The other night a man in a skiff came out of the restaurant area and apparently lost control of his boat. He drove over an inflatable dinghy beside a ketch and then sideswiped the ketch, wiping out several stanchions. Then he hit the boat while it was moored out in Sarah Creek and later went under two docks, ending up at VIMS. They took him to the hospital where he lay in a coma for three days before doctors pulled the plug. It’s unclear why all of that happened, and there has been no news reportage that I could find. Update: They identified him as Gray Malone, a regular at the marina bar who had a drinking problem. Friends at his regular marina Crown Point fashioned a memorial wreath out of beer cans. They posted it on Facebook, which some thought tasteless. One fellow said, “He did like his beer. I’ll give me that.”
A few weeks earlier, a million-dollar catamaran named Cat’s Meow was moored on the T-Head of C Dock when it got sideswiped by a big powerboat, causing $40,000 damage. Quite a summer at the marina. Update: My friend Hugh Van Bremer explained: “I took my son on out on our 42 Sabre from D Dock and caught a big wind on the beam as we turned into Sarah Creek. I had both the bow thruster and the aft thruster on, but we still banged into it. I reported it to the marina.”
Jim Honey is a computer guy from Elkhart IN who someday would like to become a USCG captain. He and his wife Stacy sail a Sunfish at home. He explained while sailing on the York one brisk afternoon, “The city bought a gravel pit and filled it with water to make a park pond. We had just bought the boat and took it down there when the park opened. Now I can say we were the first to sail the pond.” All that on a romantic sail.
We tacked down river, heeling to 20 degrees. Then we sailed on a beam reach coming back, which flattened out the boat. I sent his wife and her sister up to the bow to enjoy the solitude. What better way to enjoy a romantic sail.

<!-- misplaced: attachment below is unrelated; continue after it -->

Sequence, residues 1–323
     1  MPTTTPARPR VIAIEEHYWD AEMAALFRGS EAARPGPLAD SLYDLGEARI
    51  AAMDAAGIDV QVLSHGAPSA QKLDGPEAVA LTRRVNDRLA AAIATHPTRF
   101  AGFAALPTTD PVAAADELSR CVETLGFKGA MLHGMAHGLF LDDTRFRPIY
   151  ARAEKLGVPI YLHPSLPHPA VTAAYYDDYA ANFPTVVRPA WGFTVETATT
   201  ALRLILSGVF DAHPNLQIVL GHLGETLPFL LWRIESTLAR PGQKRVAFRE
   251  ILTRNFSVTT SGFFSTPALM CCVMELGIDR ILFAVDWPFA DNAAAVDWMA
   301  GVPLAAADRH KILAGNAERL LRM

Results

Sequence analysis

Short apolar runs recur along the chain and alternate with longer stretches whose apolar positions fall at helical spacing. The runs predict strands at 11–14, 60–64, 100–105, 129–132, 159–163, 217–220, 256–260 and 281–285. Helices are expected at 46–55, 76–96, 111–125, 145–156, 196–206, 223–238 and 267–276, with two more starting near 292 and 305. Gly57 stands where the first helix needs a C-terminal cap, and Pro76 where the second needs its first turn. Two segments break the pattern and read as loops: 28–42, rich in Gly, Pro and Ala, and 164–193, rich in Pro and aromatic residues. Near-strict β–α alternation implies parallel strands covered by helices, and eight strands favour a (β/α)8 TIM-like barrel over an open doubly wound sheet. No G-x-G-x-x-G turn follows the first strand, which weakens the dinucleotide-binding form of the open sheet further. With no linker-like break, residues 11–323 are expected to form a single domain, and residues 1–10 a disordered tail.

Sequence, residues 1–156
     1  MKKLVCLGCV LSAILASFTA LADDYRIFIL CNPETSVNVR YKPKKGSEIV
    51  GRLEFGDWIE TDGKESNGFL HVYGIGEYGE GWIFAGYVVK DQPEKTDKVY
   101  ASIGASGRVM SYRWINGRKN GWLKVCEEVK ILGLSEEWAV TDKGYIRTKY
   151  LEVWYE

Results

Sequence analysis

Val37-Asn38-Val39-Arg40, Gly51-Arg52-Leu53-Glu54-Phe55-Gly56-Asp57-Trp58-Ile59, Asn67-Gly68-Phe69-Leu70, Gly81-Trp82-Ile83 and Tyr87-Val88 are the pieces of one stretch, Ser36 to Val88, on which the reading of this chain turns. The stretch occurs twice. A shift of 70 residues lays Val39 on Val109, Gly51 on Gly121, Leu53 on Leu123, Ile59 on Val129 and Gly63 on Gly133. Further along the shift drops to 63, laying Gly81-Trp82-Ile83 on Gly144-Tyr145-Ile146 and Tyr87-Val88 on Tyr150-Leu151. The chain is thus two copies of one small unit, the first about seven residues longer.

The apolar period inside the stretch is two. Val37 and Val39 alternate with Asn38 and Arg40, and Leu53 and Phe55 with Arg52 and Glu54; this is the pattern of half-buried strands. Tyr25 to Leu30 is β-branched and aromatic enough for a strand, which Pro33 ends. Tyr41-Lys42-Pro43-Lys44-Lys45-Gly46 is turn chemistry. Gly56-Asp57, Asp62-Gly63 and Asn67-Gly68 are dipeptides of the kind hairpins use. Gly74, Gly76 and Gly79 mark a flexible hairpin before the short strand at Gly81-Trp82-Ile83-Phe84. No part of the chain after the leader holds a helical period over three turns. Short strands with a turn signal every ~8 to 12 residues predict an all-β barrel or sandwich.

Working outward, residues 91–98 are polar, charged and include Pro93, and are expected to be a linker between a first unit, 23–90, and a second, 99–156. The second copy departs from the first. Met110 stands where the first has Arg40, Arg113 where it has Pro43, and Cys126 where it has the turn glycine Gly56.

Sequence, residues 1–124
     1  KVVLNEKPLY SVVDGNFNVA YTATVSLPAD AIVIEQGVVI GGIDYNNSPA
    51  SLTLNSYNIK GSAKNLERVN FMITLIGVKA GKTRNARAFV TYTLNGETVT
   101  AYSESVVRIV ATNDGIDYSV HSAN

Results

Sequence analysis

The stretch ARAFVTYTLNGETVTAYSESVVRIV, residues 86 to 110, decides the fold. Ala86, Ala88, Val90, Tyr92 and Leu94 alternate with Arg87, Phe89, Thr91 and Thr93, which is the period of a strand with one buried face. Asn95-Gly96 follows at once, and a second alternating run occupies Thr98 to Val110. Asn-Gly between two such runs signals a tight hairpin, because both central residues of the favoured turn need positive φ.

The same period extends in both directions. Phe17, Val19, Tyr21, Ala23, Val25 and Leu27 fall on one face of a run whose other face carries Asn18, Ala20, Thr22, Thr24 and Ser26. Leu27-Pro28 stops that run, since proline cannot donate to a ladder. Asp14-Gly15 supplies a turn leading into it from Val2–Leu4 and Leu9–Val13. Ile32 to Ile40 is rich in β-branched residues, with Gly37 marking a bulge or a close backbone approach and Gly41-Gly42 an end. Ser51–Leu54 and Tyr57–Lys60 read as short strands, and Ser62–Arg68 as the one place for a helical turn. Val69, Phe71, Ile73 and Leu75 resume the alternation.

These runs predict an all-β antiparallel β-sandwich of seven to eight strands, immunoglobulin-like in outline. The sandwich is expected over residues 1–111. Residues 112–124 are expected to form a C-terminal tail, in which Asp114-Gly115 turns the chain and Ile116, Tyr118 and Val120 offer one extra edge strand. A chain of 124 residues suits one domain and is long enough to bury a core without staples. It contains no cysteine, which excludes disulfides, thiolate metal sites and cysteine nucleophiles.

Jim asked a lot of questions about boats and sailing, and he has a dream. Lake Wawasee is 20 minutes away and good for sailing, as big as the York River off Yorktown. “My brother-in-law has a house there with a dock on a canal. I could leave the boat there. I’d love to quit my day job and do what you do instead.” I cautioned that the requirement in my day was 100 days on the water for each of the past three years. Later I went home and checked the current policy. It’s only 90 days total in the past three years. That will cheer him up when I see him again today for another sail.
Navy Sailor on Romantic Sail
Randy Duck surprised his gal Latifah Randolph by taking her sailing on her birthday. She didn’t know until she arrived on the dock. I told her it was a good thing she wasn’t going skydiving.
Randy is retired Navy, so we sailed on a close reach under the bridge over to the Naval Weapons Station, where the USS Winston S. Churchill was in port. “I was a Navy diver. Yes, like Cuba Gooding Jr., everyone asks me that. When I started out, the Mark 5 equipment weighed 150 pounds because the bell consisted of solid brass. Later it got down to 90 pounds.”
I asked about storms at sea. “I’ve sailed in squalls where the ship rocks 25 degrees to one side and then the other.” What about MOB? “Sometimes they fall in intentionally. I never understood why they would jump off the aft section of the boat. They’re jumping right over the screws and can sucked in by the turbulence.”
As for Latifah, Randy pulled me aside to say, “Tomorrow we’re going skydiving.”
Let’s Go on a Romantic Sail
Check rates and pick a day for a sailboat charter. See reviews on Trip Advisor.
Vignettes posed about romantic sailing on the York River.
Capt Bill ODonovan
Williamsburg Charter Sails / Let's Go Sail
Book a Trip!
Let's Go Sail.
Call 757-8976-8654 or fill out
the Reservations Form
to reserve your date now!